Music Review : Philharmonic Chamber Series Catches Fire With Haydn

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It’s been a good week for Haydn. Over the holiday weekend, the Los Angeles Philharmonic gave its belated, first complete performances of “The Seasons.”

And Monday night, at the Philharmonic Chamber Music Society event closing that series’ 1993-94 schedule, a foursome of LAPO string players set fire to Haydn’s Quartet in G minor, “The Rider.”

It was a controlled blaze, but plenty warm. Violinists Alexander Treger and Camille Avellano, violist Evan N. Wilson and cellist Barry Gold brought abundant virtuosity, mordant stylishness and a strong sense of risk-taking to this demanding and familiar score.


If their ensemble tone sometimes grew wiry in the Con brio finale, their production of full-throated, expressive sound earlier on had to be cause for unqualified admiration. Playing this confident and polished does not arrive on our stages every day, or even every month. Nor is Haydn usually so well-served.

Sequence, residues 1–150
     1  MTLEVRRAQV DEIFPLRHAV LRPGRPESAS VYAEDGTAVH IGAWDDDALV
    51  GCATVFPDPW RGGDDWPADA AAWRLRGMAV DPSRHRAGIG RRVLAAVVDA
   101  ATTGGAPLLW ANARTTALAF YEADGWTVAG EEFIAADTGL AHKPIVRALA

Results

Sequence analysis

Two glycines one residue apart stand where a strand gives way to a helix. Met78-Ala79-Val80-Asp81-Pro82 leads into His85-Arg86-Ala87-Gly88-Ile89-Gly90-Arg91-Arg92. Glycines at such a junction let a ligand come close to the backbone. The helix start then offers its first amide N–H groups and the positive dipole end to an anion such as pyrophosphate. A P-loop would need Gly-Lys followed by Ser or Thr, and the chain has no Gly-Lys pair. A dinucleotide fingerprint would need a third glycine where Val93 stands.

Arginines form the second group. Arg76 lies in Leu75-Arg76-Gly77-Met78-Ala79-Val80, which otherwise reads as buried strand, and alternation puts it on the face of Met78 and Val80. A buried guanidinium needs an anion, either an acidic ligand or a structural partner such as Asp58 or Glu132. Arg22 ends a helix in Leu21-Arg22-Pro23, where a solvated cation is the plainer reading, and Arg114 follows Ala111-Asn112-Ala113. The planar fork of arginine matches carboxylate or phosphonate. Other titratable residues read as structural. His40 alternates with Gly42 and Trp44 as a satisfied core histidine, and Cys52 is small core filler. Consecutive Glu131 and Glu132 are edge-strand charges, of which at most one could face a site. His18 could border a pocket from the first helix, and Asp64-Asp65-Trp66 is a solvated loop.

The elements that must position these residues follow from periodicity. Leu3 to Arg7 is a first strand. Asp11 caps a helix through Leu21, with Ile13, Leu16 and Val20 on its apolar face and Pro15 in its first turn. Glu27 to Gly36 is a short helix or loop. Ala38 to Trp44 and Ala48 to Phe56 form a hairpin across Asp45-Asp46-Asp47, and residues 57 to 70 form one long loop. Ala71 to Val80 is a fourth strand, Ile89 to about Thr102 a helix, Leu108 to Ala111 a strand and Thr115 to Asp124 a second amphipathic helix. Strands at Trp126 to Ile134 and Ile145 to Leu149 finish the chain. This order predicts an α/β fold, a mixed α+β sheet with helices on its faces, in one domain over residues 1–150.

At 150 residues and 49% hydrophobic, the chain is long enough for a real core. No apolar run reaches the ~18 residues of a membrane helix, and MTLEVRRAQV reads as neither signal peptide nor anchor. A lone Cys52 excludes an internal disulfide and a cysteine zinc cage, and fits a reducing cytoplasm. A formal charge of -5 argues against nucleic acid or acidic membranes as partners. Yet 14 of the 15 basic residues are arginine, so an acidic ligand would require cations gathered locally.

With guest cellist Bernard Greenhouse, as well as Philharmonic violist John Hayhurst joining the quartet, this program--which had been postponed from the night after the earthquake, Jan. 17--concluded with Brahms’ second Sextet, Opus 36.

Again, beauteous and deep-probing playing predominated. Perhaps the exuberance of the moment accounted for the group’s going over the top in the Scherzo--in any case, no great harm was done; Brahms’ music can usually handle a bit of overplaying.

At mid-program at the commodious University Synagogue sanctuary in Brentwood, the veteran Greenhouse--for 32 years, cellist of the Beaux Arts Trio--joined another Chamber Society guest, pianist Lina Targonsky, in an authoritative and joyous revival of Beethoven’s Variations on “See, the conqu’ring hero comes.”